Reply April 29, 2016

      Hummingbird Lawyers

      Thank you for your question. Easements are complex real property matters and a full review of your deed to land and survey would be required before we would offer you a substantive answer. We invite you to book a consultation with one of our real property lawyers

  • Reply May 2, 2016

    Vic

    Question:

    We have 3 properties A, B, & C with Grants of easements registered.
    A is to the south of B. B is between A & C on the north. C borders the open 66-foot Right Of Way on the north.
    There were registered Express Grants on these three properties with A the dominant property, with B & C the servient properties.

    1) Can B & C title holders Quit Claim the servient easement on the B & C properties without the knowledge of the title holder on dominant property A?

    Also, an unopened 66 ft. road allowance borders these three properties along their west side extending between the open 66-foot road on the north and the open 66-foot road to the south.

    2) Could this unopened road allowance be closed by the municipality when it had been opened, and the southerly part of the road allowance, that is still further south of the dominant tenement property A, remains open?

    • Hummingbird Lawyers

      (REPLIES IN FULLCASE)

      EASEMENTS RUN (BELONG) WITH THE LAND AND NOT WITH A PARTICULAR PERSON, SO I AM UNCLEAR AS TO WHO THE QUIT CLAIM DEEDS WOULD BE TRANSFERRED TO AND THE PURPOSE OF THE DOING SUCH A TRANSACTION? IN ORDER FOR US TO GET A FULLER UNDERSTANDING OF YOUR LEGAL QUESTION AND TO PROVIDE A MEANINGFUL REPLY, PLEASE BOOK A CONSULTATION TO DISCUSS FURTHER.

      Also, an unopened 66 ft. road allowance borders these three properties along their west side extending between the open 66-foot road on the north and the open 66-foot road to the south.

      2) Could this unopened road allowance be closed by the municipality when it had been opened, and the southerly part of the road allowance, that is still further south of the dominant tenement property A, remains open?

      ​MUNICIPALITIES CAN CLOSE PUBLIC ROAD, DEPENDING ON THE CIRCUMSTANCES SURROUNDING IT. THESE ARE DONE UNDER STOPPED-UP AGREEMENTS. I AM NOT CLEAR ON THE SECOND PART OF YOUR QUESTION, ARE YOU ASKING IF THE MUNICIPALITY CAN DETERMINE WHERE THE PUBLIC ROAD STARTS AND ENDS? AGAIN, IN ORDER FOR US TO GET A FULLER UNDERSTANDING OF YOUR LEGAL QUESTION AND TO PROVIDE A MEANINGFUL REPLY, PLEASE BOOK A CONSULTATION TO DISCUSS FURTHER.

  • Reply June 10, 2016

    Troy

    I am servient property owner. The easement that exists on my property was for access to the neighboring property.Over time, the neighboring property acquired its own private lane way. Now due to the need to have a fence for some privacy and to reduce the temptation for traffic to use my neighbors guests to exit through my lane way , I would like to have the easement lifted. Would this qualify as a cessation of easement?

  • Reply July 1, 2016

    Dan Nelson

    Hi
    We recently purchased a property at the end of a road within city limits. It appears that there is no road allowance on the road frontage side of the property. At the end of the road there is a trail that has been used for years (I presume) that appears to be on our property. There is only unused Crown land past our property and the property across the road from us is owned. The road itself is a paved city road which has apparently encroached on several properties. My first step is to get an official survey done to determine exactly where the property line is but if it is as I suspect can I stop people from using the trail due to potential liability issues?

  • Reply July 17, 2016

    DC

    We own the a row house, an “end unit” in a group of five row houses. The houses are over 100 years old and the owners from time to time have a right to pass over a certain part of my property, including a driveway on the left side of the house, leading to the street. Given the right is written specifically for the benefit of the owners of the four other owners, does the law allow them to give all their friends permission to pass through my backyard to get to theirs because it’s easier to go through my yard than walk through their respective houses? Mine is the only yard with access to the street. The language in the title document is very broad and does not restrict the purpose of the passage, however, do the owners have the right to expand the reach of the easement on my property to anyone who might be making social calls and visiting them in their back yard?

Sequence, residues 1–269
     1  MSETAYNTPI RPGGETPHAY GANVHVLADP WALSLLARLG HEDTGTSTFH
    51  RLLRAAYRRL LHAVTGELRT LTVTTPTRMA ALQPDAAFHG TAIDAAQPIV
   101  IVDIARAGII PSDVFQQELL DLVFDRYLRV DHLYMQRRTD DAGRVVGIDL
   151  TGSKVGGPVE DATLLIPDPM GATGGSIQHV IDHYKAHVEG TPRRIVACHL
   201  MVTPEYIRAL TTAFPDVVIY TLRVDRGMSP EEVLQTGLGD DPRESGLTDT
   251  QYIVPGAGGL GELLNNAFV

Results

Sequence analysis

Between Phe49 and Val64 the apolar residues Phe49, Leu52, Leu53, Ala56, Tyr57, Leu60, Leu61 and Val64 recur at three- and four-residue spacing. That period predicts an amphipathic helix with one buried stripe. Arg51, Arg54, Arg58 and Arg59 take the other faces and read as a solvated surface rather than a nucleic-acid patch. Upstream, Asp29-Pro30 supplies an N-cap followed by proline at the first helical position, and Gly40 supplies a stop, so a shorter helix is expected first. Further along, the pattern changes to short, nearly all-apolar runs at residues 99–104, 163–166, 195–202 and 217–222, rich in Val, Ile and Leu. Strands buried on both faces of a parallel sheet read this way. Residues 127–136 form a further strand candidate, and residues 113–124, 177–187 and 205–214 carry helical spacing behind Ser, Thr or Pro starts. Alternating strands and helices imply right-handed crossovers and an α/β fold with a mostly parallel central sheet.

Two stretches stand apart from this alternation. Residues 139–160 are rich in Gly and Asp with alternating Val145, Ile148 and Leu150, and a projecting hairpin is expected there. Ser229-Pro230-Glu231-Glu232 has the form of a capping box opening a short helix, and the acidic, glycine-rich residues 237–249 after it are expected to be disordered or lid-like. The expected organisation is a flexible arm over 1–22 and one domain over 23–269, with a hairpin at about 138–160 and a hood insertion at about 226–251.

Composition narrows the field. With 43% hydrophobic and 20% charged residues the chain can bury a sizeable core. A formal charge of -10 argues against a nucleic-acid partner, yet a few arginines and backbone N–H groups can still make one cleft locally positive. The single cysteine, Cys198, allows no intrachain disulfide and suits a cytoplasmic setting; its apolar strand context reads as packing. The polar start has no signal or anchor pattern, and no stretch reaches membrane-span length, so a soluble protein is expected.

• Ashley Singer
      Reply August 17, 2016

      Hummingbird Lawyers - Andrew Fortis

      Thank you for the inquiry DC. Without having the benefit of reviewing title to your property and that of your neighbours, we cannot be certain whether or not your neighbours’s friends can walk through your drive-way. If the title documents do not allow them to do so, you would want to stop this activity occurring immediately, for if the title documents do not allow such passage on your driveway, yet you allow it, an easement may arise through prescription.

      Again, for us to be certain, we would need to review what is on title and what is permitted. Please feel free to book a consultation with one of our real property lawyers and don’t forget to bring your deed and survey.

  • Reply July 28, 2016

    Gabe

    I have a cottage in Parry Sound Ontario with a deeded right of way, do I have the right to maintain and repair the road due to wash outs or is it the owners responsibility.

  • Reply October 7, 2016

    Bob Nuttall

    Good article – I have found it challenging to find information regarding rights of way in Ontario. In the case where there is a legal right of way registered with the LRO:

    What are the general obligations of the dominant tenements with respect to maintenance/snow removal for the right of way road?

    Who bears legal liability in event of property damage or personal injury resulting from use of the right of way road? If the dominant tenements have liability, should such risks be mitigated through insurance coverage?

    The servient tenement has re-routed a portion of the right of way road and obstructed the registered right of way road. What action is recommended in order to ensure that a legally registered right of way to access the dominant tenement property is preserved?

  • Reply January 12, 2017

    KM